Hector Berlioz: Roméo & Juliette

Le retour à la vie - this extraordinary work, half-literary, half-musical reflected much of the thoughts and ideas also found in his letters of the time, using music that was largely written earlier in Paris. The genesis of the work was yet another love-affair gone wrong. The six musical numbers of Lélio are wholly diverse in subject and treatment, yet a sense of order is imposed by the literary format. It is a unique assemblage, there is nothing else quite like it in all musical history.

Roméo et Juliette is counted third among Berlioz’s 4 symphonies. Another uniquely constructed work, it moves away from the purely symphonic towards the realm of opera. But Berlioz keeps the formal structure of a symphony firmly in his mind: the three principal instrumental sections – Fete chez Capulet, Scene d’amour, and La reine Mab – making a first movement, slow movement and scherzo encircled by elaborate vocal sections to begin and end.



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This is a double bill of vintage recordings to excite the interest of any devoted Berliozian, especially as it features two under-recorded conductors and a work which remains neglected, although perhaps not without reason. Lélio is a highly original but strange and diffuse piece, encompassing six musical numbers all of which are very different from each other, linked by an overblown, hyper-Romantic narrative and the literary theme of the artist healing himself following unhappy love affairs by immersing himself in his music; it was intended as sequel to the Symphonie fantastique and in his subsequent revision Berlioz specifically made his future wife, Harriet Smithson, its object.

This live performance gives us the whole shebang and Speaker Raymond Nemorin decides to throw caution to the winds and deliver its emotive excesses in a fully animated and unashamedly whole-hearted manner and it is, enough to embarrass any buttoned-up Englishman - but it is a pleasure to hear the French so beautifully enunciated.

We also hear Michel Sénéchal’s distinctive, nasal, yet attractive and very French lyric tenor as Lélio; he is in fine voice. His opening song, the lilting and memorable strophic ‘Fisherman’s Song’, set to Goethe’s text, is beguilingly sung but at rather too slow a pace for my taste; his elegant pianist is uncredited. Baritone Bernard Lefort gives us a neat, lively ‘Brigands’ Song’ and the BBC Chorus is more than competent, if too recessed. Berlioz lifted and reworked so much of his own material in Lélio that part of its charm resides in playing ‘Spot that tune’ – the idée fixe from Symphonie fantastique, tunes from La mort de Cléopâtre, La mort d’Orphée and Benvenuto Cellini. (Question: did Richard Strauss steal wholesale the opening melodic riff of the ‘Chanson de bonheur’ for one of my favourites among his Lieder ‘Breit über mein Haupt’ and am I the first to notice?) Why Berlioz had his Chorus of Spirits of the Air sing in Italian rather French for the Tempest Fantasy, I do not know; it is certainly the most original of the six vocal sections and is given a confident account.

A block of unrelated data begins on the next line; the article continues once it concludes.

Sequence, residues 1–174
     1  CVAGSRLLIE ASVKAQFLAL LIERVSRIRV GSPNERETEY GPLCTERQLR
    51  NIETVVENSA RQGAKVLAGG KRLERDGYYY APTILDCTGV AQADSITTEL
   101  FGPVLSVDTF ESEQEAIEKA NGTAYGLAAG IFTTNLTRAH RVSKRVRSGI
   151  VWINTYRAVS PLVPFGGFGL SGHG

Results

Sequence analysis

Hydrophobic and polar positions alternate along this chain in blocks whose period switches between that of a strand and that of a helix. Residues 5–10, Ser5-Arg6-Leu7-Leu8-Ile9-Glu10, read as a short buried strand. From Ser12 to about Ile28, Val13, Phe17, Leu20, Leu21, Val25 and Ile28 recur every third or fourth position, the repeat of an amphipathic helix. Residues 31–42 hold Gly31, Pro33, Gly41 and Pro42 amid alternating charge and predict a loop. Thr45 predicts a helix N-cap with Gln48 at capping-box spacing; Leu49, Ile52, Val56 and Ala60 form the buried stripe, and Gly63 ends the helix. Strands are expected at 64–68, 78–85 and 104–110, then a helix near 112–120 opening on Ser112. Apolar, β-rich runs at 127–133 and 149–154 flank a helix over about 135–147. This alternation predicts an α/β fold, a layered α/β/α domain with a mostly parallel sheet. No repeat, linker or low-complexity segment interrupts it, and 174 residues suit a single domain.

The Roméo et Juliette here has considerably more competition in the catalogue. The light-voiced tenor René Soames sings neatly enough as Mercutio, if unmemorably, and sounds rather English in terms of both voice and accent. David Ward is his usual, sonorous, dependable self; he reprised the role of Père Laurence in the Monteux recording referred to above.

Both conductors seem wholly at home in Berlioz’ mercurial idiom, unfazed by the swift succession of moods and tempi and the orchestral playing in both is fine – insofar as we can hear it clearly. The BBC brass is especially impressive when depicting the Prince’s strictures in the opening and the woodwind playing throughout is lovely.

Indeed, that is an issue; aesthetic considerations apart, the main obstacle to appreciating this twofer and giving it a whole-hearted endorsement is its recording quality: Lélio has been transferred from analogue tape and Roméo from acetates. By and large, the remastering is good; there is some unavoidable hiss and distortion in both, if perfectly listenable. MusicMeb-International

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